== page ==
On the role of the critic: “I think the basic role is to help the public sort through a vast amount of information and see through the smoke & mirrors of the fashion industry, and part of what makes fashion so great is that it sells a fantasy along with a garment. I think the role of the critic is to assess the relationship between the clothes and the fantasy, to help make connections between fashion and the broader culture, and hopefully to be an outside voice that brings a kind of tough love and enthusiastic applause to the creative process of designers.”
On social media at Fashion Week: “I don’t think you can go backwards when it comes to fashion weeks. Everything is more open, more instantly accessible. I don’t necessarily see how social media is having a negative impact on the shows, other than so many people sit through them spending more time uploading video and pictures than actually watching the show unfold!”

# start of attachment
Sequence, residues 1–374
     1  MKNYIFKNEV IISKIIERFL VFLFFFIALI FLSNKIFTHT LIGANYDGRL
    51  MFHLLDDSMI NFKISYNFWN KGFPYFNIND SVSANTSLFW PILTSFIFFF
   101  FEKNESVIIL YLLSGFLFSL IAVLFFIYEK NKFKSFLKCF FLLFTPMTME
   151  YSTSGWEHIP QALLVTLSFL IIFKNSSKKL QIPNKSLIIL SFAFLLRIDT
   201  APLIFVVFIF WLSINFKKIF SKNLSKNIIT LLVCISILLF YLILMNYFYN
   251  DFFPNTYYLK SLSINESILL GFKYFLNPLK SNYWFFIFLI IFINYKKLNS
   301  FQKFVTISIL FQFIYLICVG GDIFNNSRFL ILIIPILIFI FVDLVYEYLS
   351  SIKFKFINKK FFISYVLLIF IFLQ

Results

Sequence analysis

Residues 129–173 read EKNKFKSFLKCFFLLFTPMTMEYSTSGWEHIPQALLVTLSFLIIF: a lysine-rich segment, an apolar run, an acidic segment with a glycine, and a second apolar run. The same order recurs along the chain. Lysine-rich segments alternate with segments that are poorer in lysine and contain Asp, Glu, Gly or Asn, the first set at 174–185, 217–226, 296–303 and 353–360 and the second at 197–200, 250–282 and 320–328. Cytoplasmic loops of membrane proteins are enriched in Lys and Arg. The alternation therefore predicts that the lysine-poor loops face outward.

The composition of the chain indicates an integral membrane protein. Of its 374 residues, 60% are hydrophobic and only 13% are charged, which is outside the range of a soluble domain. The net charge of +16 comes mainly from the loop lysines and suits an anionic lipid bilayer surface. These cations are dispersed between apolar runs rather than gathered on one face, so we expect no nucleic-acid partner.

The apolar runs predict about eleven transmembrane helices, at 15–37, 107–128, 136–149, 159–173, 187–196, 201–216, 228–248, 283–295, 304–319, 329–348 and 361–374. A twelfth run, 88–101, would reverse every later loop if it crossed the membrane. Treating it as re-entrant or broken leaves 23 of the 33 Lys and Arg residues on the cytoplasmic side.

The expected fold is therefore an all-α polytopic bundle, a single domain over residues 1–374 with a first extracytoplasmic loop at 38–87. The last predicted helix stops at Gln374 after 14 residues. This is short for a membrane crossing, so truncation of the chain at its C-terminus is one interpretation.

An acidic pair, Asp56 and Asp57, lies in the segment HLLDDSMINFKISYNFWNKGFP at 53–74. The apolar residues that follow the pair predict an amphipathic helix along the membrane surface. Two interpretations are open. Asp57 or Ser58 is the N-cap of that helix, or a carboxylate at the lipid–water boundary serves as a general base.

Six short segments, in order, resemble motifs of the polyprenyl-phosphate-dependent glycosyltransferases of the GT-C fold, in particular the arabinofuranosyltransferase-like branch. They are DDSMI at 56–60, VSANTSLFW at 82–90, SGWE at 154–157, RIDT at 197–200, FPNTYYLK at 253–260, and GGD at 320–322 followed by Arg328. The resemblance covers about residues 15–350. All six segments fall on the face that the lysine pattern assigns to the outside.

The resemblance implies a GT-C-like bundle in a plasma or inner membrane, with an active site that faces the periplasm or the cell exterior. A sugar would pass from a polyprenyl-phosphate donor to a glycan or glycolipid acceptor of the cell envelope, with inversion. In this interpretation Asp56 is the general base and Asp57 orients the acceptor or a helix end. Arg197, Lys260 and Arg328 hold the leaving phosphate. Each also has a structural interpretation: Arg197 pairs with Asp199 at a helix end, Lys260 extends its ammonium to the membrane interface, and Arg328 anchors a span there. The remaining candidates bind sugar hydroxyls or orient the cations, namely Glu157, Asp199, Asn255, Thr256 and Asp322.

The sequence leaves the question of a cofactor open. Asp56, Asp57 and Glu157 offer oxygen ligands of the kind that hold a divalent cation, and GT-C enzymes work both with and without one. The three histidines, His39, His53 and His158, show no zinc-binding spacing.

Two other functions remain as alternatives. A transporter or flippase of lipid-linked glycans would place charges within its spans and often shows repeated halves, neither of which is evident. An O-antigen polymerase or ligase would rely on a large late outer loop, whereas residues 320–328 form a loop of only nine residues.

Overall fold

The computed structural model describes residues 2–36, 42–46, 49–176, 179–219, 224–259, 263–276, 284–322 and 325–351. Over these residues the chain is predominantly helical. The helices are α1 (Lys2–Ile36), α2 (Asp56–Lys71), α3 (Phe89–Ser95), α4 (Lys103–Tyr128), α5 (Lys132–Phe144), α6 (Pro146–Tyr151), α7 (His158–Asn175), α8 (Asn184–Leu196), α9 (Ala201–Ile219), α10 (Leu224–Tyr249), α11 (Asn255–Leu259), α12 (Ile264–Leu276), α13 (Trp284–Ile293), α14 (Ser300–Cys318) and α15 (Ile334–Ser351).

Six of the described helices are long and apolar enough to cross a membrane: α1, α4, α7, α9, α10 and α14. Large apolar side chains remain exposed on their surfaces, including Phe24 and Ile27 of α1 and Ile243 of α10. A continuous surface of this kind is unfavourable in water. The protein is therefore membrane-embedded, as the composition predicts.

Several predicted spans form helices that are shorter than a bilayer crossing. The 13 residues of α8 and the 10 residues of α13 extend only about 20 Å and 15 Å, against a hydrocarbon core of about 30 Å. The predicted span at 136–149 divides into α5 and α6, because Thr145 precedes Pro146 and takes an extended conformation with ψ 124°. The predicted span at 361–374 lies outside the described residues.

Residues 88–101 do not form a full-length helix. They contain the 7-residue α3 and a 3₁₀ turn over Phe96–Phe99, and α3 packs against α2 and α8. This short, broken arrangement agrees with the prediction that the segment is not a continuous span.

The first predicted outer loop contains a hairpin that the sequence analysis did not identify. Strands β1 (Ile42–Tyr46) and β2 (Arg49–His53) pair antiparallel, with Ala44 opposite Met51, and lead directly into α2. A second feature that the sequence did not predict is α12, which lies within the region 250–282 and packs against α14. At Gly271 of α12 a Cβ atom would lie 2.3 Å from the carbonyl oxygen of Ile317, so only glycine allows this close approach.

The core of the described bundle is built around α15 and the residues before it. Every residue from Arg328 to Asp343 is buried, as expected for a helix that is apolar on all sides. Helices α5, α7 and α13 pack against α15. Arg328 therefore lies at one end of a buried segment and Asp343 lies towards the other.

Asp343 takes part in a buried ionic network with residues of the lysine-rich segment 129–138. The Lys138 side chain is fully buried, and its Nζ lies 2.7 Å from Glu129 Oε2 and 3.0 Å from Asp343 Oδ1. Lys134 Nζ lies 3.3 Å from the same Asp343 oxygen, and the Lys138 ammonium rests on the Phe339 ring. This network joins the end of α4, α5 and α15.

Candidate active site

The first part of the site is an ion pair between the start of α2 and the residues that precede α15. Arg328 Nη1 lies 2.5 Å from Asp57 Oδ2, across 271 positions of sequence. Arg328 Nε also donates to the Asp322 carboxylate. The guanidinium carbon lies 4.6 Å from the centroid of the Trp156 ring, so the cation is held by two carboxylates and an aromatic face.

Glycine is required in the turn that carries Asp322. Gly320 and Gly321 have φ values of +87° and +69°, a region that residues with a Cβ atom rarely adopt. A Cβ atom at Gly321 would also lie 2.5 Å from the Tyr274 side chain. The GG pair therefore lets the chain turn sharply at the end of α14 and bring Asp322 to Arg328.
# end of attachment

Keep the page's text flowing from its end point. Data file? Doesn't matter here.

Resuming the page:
On being a black woman in the industry: “The metaphor of breaking glass ceilings seems far too dramatic for anything that I’ve ever dealt with. I would say there have been moments of subtle — I’m not sure discrimination is even the word — I’d say subtle surprise when I’ve shown up to interview someone or for an event. But that happens far less now. There have been times when, because I’m the only black woman in the room, people will ask my opinion on some race-related topic. And I fear they will then take my answer and extrapolate seem vast generalization about how all black women feel. And that is so far from reality that ….well, I don’t even have the words. I’m one person with opinions. And while there is common ground, my opinions may well be very different from those of someone who grew up, say in the South rather than in the Midwest. Or someone who came from far more meager circumstances than I did. The biggest stereotype to me seems to be that black people all think the same.”